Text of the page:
- Plotly.py 3.0.0 has been released and it comes with tons of new features and changes
- Major updates – Jupyter widget support, an imperative method for making changes on-the-fly, remarkably detailed attribute descriptions
- Other changes include specific error messages, a blazing fast execution, exporting static images, among other things
Python is undeniably the most popular language being used by data scientists globally. It has eaten up the ground on R in the last couple of years and is rapidly ascending to scale new heights. One of the best things about R has been it’s ggplot2 package, which has always been my go-to tool for visualization (even that has now been introduced in Python).
Python’s data visualization library catalogue is also diverse, though nothing had been as good as ggplot2. Until now. Here comes the latest release in the popular plotly.py library, 3.0.0, and it’s a big one! There are tons of new features and changes that will make working with this library even more interactive and enjoyable.
You can download plotly using the below commands:
pip install plotly
In case you already have plotly installed in your machine, you can upgrade it by typing the below command:
pip install plotly --upgrade
Let’s look at what all is new in this release.
- Jupyter Widget Support: A new Jupyter widget class, plotly.graph_objs.FigureWidget, is included in this release. This is tailor made specifically for Jupyter Notebooks and JupyterLab environments. You can even zoom into specific regions in the plot!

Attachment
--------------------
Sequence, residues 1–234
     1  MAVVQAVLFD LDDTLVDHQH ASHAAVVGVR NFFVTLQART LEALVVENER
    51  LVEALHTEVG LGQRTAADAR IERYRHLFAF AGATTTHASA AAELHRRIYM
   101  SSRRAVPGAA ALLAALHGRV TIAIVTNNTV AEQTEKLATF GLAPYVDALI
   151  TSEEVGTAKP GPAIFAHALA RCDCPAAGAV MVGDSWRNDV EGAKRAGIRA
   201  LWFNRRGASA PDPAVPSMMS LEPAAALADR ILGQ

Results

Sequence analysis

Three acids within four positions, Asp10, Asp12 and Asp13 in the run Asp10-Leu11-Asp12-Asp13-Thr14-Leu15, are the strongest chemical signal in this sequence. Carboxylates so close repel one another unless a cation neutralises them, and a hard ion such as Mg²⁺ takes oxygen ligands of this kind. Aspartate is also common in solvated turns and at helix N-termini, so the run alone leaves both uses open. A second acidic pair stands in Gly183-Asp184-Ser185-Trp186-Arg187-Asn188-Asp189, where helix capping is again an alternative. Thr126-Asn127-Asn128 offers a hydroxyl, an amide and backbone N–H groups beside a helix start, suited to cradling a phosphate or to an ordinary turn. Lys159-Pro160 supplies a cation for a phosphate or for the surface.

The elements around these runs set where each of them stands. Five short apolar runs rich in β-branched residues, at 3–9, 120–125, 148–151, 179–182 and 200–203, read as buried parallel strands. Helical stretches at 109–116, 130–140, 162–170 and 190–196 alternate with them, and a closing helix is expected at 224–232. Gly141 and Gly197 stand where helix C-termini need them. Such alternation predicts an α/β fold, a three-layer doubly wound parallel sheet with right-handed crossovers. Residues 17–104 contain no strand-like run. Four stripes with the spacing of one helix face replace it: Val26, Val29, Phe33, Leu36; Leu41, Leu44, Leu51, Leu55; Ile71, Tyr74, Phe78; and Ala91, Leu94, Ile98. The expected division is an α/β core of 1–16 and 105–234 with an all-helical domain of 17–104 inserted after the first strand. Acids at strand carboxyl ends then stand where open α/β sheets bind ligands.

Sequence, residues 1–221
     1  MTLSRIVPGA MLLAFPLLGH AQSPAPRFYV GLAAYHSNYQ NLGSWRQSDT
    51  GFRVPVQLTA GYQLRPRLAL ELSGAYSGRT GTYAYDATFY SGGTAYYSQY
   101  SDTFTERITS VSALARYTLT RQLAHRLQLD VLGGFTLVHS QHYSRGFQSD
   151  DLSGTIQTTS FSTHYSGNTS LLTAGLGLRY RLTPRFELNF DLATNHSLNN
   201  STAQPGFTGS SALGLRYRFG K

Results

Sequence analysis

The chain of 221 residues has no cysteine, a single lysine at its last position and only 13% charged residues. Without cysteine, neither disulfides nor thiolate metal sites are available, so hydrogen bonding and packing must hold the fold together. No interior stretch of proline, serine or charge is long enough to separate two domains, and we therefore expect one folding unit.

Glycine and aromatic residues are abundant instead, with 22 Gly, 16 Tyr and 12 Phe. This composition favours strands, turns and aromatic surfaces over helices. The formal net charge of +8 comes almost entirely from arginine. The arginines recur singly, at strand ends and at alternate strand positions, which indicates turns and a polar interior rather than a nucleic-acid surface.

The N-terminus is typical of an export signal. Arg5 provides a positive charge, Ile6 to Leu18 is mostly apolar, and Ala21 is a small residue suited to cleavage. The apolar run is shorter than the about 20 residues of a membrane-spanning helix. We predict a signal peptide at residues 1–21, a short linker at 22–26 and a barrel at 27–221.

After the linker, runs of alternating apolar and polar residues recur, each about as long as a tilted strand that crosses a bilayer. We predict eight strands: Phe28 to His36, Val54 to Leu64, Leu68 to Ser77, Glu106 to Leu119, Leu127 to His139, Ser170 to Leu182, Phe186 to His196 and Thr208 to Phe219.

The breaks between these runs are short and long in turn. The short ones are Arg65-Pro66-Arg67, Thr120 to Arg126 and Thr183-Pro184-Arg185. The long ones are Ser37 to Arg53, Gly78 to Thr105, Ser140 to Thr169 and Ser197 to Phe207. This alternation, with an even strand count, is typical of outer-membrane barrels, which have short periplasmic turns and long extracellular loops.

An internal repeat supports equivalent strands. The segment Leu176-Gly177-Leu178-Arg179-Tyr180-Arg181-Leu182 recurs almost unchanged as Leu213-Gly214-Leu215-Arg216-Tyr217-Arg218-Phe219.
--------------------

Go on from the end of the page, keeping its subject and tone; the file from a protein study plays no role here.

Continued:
- Imperative Method: This release contains a set of methods that allow you to manipulate and explore the plots in Jupyter. This is called the imperative method, which basically means that you can edit your plots on-the-fly inside your Jupyter notebook
- Detailed Attribute Descriptions: It’s now easier than ever to understand the attributes on your plots without having to leave your notebook. Each attribute has a rich description attached with it
- Other Changes: Errors are now displayed with more specific messages, you can now define transition animations with ContextManager, generate and export static images of plotly plots
Plotting thousands on points in your notebook used to take a bit of time. This has also been vastly improved in plotly 3.0.0 and you will notice how quickly charts are popping up on your machine.
You can read more about these changes, and see them in action, via Plotly’s Twitter account.
Our take on this
Plotly’s release came at approximately the same time that ggplot2 3.0.0 was launched. It’s a great time to be a data visualization user! These changes in plotly will greatly enhance my experience with visualizations (I am already a heavy visualization user). I’m really looking forward to using the Jupyter widget support and see how that functions in my notebooks.
Another thing worth exploring is the ‘Imperative Method’ which gives us far more flexibility in drawing the plots (and not just how they look). You can even use plotly with R if you with Shiny apps. If you do use this latest release, be sure to let me know your experience in the comments section below!
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